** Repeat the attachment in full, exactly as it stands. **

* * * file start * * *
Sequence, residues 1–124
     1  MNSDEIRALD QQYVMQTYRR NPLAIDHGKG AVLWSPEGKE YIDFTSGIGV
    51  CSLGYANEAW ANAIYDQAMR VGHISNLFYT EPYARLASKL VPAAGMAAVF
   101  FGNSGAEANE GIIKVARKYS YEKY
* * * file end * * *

Sequence, residues 1–124
     1  MNSDEIRALD QQYVMQTYRR NPLAIDHGKG AVLWSPEGKE YIDFTSGIGV
    51  CSLGYANEAW ANAIYDQAMR VGHISNLFYT EPYARLASKL VPAAGMAAVF
   101  FGNSGAEANE GIIKVARKYS YEKY